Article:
The Romancers

It was Atumn in London, that blessed season between the harshness of winter and the insincerities of summer; a trustful season when one buys bulbs and sees to the registration of one’s vote, believing perpetually in spring and a change of Government. Morton Crosby sat on a bench in a secluded corner of Hyde Park, lazily enjoying a cigarette and watching the slow grazing promenade of a pair of snow- geese, the male looking rather like an albino edition of the russet-hued female. Out of the corner of his eye Crosby also noted with some interest the hesitating hoverings of a human figure, which had passed and repassed his seat two or three times at shortening intervals, like a wary crow about to alight near some possibly edible morsel. Inevitably the figure came to an anchorage on the bench, within easy talking distance of its original occupant. The uncared-for clothes, the aggressive, grizzled beard, and the furtive, evasive eye of the new-comer bespoke the professional cadger, the mall who would undergo hours of humiliating tale-spinning and rebuff rather than adventure on half a day’s decent work.

For a while the new-comer fixed his eyes straight in front of him in a strenuous, unseeing gaze; then his voice broke out with the insinuating inflection of one who has a story to retail well worth any loiterer’s while to listen to.

‘It’s a strange world,’ he said.

As the statement met with no response he altered it to the form of a question.

‘I dare say you’ve found it to be a strange world, mister?’

‘As far as I am concerned,’ said Crosby, ‘the strangeness has worn off in the course of thirty-six years.’

‘Ah,’ said the greybeard, ‘I could tell you things that you’d hardly believe. Marvellous things that have really happened to me.’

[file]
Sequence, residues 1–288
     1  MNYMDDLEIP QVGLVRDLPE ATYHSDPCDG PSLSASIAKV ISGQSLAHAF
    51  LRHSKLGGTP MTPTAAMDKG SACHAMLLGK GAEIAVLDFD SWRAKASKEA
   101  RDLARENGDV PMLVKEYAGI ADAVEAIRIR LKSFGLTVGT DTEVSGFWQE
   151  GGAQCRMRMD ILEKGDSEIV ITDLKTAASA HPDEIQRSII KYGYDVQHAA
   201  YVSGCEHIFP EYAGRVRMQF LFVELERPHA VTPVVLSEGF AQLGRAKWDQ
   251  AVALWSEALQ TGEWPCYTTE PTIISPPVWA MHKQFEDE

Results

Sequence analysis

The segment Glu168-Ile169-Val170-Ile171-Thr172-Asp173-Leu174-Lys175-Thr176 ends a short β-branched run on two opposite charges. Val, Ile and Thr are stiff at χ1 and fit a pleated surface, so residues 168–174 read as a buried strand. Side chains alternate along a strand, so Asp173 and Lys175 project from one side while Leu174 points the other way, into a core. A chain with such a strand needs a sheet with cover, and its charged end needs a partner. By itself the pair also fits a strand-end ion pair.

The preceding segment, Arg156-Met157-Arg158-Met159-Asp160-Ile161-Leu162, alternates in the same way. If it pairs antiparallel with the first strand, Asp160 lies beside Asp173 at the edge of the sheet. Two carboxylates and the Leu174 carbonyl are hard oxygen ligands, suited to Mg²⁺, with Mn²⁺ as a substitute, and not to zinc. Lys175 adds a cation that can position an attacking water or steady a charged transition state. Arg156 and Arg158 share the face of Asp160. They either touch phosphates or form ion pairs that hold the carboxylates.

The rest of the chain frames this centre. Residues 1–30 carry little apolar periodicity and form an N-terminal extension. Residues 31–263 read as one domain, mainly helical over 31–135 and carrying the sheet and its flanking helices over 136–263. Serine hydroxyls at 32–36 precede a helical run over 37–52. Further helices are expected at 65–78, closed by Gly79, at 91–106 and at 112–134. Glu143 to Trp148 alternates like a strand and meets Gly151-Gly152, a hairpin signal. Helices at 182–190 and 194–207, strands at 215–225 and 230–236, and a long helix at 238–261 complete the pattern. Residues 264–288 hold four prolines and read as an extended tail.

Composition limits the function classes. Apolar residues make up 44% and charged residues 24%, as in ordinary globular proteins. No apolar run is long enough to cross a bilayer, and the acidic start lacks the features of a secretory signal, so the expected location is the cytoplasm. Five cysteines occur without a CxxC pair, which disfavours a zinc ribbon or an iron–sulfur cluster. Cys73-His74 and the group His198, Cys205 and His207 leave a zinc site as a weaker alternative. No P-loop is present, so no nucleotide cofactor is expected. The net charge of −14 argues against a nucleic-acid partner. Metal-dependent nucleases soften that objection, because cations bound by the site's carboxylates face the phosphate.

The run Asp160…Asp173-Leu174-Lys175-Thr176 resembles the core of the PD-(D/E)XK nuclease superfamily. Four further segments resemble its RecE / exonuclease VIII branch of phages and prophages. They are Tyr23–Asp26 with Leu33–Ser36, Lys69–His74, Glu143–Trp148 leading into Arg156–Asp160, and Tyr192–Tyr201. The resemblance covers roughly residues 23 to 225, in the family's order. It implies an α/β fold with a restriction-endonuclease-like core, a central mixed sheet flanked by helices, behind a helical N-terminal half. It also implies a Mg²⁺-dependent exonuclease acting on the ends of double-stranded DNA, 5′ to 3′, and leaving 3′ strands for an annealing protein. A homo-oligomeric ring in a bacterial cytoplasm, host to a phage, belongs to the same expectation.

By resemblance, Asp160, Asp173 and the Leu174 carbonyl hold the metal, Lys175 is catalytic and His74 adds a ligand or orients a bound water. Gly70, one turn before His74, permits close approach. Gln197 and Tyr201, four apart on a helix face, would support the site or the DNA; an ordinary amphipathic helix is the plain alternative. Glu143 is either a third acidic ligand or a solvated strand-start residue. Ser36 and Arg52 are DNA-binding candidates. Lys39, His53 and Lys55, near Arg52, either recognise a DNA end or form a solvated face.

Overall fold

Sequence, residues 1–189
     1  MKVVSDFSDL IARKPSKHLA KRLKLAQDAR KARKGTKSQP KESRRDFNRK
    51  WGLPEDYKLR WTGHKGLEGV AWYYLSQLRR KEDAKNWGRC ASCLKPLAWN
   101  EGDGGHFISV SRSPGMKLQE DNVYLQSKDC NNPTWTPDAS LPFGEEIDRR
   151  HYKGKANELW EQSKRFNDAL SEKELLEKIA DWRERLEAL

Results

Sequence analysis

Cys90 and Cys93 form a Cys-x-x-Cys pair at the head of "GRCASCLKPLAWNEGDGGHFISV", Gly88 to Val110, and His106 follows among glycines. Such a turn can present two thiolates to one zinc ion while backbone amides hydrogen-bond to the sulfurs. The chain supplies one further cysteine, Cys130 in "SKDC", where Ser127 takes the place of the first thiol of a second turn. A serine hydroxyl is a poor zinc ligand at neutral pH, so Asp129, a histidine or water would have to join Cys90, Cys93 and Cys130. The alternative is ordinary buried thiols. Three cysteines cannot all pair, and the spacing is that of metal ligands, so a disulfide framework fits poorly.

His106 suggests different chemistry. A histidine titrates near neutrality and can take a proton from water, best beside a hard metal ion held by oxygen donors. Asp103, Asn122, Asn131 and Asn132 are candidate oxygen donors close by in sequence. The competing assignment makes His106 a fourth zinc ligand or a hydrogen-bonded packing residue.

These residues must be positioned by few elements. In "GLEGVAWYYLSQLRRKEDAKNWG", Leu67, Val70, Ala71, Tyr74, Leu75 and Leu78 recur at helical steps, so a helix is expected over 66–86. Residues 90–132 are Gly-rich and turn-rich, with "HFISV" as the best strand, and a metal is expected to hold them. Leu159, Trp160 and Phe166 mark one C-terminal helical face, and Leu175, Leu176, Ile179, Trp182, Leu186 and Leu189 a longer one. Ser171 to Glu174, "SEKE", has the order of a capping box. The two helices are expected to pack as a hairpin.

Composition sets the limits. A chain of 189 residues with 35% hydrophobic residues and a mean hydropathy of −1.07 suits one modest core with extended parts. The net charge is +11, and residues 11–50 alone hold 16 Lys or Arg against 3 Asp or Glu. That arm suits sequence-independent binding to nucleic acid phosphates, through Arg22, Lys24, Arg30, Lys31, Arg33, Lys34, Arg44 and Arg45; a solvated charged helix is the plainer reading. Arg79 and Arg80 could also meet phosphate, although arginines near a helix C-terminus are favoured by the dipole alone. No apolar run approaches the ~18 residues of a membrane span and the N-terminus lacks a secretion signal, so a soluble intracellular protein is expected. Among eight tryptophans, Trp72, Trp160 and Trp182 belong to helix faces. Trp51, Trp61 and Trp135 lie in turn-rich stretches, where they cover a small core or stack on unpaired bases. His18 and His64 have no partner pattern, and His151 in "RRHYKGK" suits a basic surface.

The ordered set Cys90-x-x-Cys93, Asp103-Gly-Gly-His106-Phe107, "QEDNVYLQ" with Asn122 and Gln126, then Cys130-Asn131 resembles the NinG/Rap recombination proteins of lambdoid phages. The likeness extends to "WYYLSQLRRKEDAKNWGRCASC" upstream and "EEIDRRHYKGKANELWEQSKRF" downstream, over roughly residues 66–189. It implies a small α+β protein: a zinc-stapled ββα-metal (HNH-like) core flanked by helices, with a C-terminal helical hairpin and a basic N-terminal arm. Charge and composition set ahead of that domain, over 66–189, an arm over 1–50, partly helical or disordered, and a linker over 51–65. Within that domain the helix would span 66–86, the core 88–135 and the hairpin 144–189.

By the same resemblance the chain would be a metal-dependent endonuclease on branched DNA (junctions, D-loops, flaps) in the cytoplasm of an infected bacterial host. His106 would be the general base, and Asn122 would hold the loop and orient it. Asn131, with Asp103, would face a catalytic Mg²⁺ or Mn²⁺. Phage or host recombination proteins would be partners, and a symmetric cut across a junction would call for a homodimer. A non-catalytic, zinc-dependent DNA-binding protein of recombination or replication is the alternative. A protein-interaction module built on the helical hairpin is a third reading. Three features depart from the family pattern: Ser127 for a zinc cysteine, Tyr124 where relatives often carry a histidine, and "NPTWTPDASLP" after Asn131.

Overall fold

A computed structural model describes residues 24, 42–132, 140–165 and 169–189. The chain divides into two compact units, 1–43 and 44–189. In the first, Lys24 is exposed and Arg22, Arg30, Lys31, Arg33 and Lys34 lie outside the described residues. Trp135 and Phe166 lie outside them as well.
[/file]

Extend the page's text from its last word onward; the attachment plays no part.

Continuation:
‘Nowadays there is not demand for marvellous things that have really happened,’ said Crosby discouragingly; ‘the professional writers of fiction turn these things out so much better. For instance, my neighbours tell me wonderful, incredible things that their Aberdeens and chows and borzois have done; I never listen to them. On the other hand, I have read The Hound of the Baskervilles three times.’

The greybeard moved uneasily in his seat; then he opened up new country.

‘I take it that you are a professing Christian,’ he observed.

‘I am a prominent and I think I may say an influential member of the Mussulman community of Eastern Persian,’ said Crosby, making an excursion himself into the realms of fiction.

The greybeard was obviously disconcerted at this new check of introductory conversation, but the defeat was only momentary.

‘Persia. I should never have taken you for a Persian,’ he remarked, with a somewhat aggrieved air.

‘I am not,’ said Crosby; ‘my father was an Afghan.’

‘An Afghan!’ said the other, smitten into bewildered silence for a moment. Then he recovered himself and renewed his attack.

‘Afghanistan. Ah! We’ve had some wars with that country, now, I dare say, instead of fighting it we might have learned something from it. A very wealthy country, I believe. No real poverty there.’

He raised his voice on the word ‘poverty’ with a suggestion of intense feeling. Crosby saw the opening and avoided it.

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